There is no constitutional right to bear arms for illegal purposes, and people who don't own guns have as much of a right to self-defense as those who do. The regulation of firearms consistent with the clear intent of the Second Amendment is how the unarmed protect themselves.

            The Supreme Court, on the other hand, decided that the beginning of the Second Amendment has no governmental meaning, it's an introduction to the purpose of the last phrase, "the right of the people to keep and bear arms shall not be abridged." The Court removed the right to bear arms from its militia and security context and gave it to the individual. That's why so many gun aficionados are working overtime to expand gun rights, opposing background checks, calling for concealed carrying privileges, and opposing any limits on the kinds and amounts of weapons a person may possess.

            Although the majority of the Supreme Court fashion themselves as strict constructionists, textualists faithful to the meaning of the founding document, when it comes to the Second Amendment, they should be called re-constructionists. In other contexts, they find meaning by going back to English common law and even further. But the case of the Second Amendment, when encountering a textual difficulty, they just re-wrote it.

             In my opinion, the church and school shootings and mass killings stem directly from the Supreme Court's decision to ignore the militia and security phrases, the first two of the Second Amendment. In examining the Constitution and legal documents in general, the most important points come first. Hence, the First Article of the Constitution is about the powers and composition of the legislature, not the executive or the courts.

            I am an English major, not a lawyer, and that's appropriate because the Court used a linguistic, not a legal, argument to determine that the first two phrases of the Second Amendment are a preface. It's clear from a grammatical standpoint that the subject of the text of the Second Amendment is "A well-regulated Militia..." Of course, the relationship between a militia, a secure state, and the right to keep and bear arms is ambiguous. One must assume that those who wrote "Congress shall make no law" and "No soldier shall" were perfectly capable of using extreme precision in wording when desired and that any vagueness was intentional, not irrelevant.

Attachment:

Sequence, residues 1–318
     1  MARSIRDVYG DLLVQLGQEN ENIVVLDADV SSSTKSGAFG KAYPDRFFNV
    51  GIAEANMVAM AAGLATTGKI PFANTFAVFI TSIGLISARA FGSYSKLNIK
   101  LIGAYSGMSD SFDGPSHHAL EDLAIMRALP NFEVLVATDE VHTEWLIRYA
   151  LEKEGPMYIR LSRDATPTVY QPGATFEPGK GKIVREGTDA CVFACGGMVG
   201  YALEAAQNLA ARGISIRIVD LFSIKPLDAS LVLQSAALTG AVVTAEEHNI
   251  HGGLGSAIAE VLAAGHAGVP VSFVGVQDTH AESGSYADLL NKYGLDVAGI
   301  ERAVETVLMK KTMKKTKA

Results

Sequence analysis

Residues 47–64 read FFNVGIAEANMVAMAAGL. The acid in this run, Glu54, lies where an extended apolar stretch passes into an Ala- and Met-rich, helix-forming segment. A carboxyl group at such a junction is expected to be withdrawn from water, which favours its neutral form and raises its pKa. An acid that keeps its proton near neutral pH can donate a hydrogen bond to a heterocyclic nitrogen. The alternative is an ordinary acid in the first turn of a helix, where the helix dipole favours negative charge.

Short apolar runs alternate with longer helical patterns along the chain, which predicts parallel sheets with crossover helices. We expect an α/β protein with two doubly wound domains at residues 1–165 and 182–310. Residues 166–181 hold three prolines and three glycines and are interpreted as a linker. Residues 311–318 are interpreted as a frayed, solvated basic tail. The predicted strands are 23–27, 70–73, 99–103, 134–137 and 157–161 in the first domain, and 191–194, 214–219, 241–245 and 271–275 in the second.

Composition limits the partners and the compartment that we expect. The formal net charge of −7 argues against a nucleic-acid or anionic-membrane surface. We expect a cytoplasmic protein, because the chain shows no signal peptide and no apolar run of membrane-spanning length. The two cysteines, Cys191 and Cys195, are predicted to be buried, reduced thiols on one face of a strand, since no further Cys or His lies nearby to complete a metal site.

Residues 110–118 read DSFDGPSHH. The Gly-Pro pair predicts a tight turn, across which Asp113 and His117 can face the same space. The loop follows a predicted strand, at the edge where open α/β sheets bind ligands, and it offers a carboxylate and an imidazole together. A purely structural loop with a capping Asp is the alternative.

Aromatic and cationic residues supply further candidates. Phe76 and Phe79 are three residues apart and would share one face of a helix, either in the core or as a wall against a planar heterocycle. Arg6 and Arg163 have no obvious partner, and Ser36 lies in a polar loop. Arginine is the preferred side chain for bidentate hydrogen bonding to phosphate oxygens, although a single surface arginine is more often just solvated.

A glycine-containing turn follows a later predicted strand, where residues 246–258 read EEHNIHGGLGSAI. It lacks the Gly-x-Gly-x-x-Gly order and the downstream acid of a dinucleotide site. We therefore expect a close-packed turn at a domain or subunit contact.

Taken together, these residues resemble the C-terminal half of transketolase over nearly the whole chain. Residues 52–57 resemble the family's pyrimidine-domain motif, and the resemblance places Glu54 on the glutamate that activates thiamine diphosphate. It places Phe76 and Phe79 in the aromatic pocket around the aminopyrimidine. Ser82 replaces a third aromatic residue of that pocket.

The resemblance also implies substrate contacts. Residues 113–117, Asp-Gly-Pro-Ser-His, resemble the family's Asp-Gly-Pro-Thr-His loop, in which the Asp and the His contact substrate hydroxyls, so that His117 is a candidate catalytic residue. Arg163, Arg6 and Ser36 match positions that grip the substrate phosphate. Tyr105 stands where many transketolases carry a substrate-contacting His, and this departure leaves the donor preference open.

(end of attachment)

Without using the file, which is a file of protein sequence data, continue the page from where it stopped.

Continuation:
So, let's return to the Court's argument that all bearable arms are equally protected, "even those that were not in existence at the time of the founding." According to the Court, if I could invent an atomic bomb that was small enough to be shot from a gun that I could carry, it would be protected right along with a 1791 rifle that could only shoot three or four bullets per minute to a distance of 100 yards or less and had to be reloaded after each shot.

            I submit that the framers of the Constitution were not morons who did not anticipate technological progress in armament technology. Many of them were the soldiers who fought in the War for Independence and would have been more than well aware of the constant search for better and more lethal guns. Perhaps that's the reason they left deliberately vague the relationship between Militias, security, and the right to keep arms.

While guns in 1791 could fire only three or four bullets per minute, and guns today can fire 800 to 1,500 bullets per minute, I do not think that the men who wrote the Constitution would consider them equivalent as Justices Scalia, Roberts, Kennedy, Thomas, and Alito did.

            While certainly the people who wrote the Constitution could never have imagined the internet and the 1996 Communications Indecency Act, and they would have difficulty imagining thermal imaging but not going through another person's garbage or effects, they were intimately familiar with instruments that could fire 800 to 1,500 bullets per minute. They were called well-regulated militias of 200 to 400 men. Today, the Second Amendment would seem to require that a single eighteen-year-old with the firepower equivalent to a militia in 1791 should have to be well-regulated.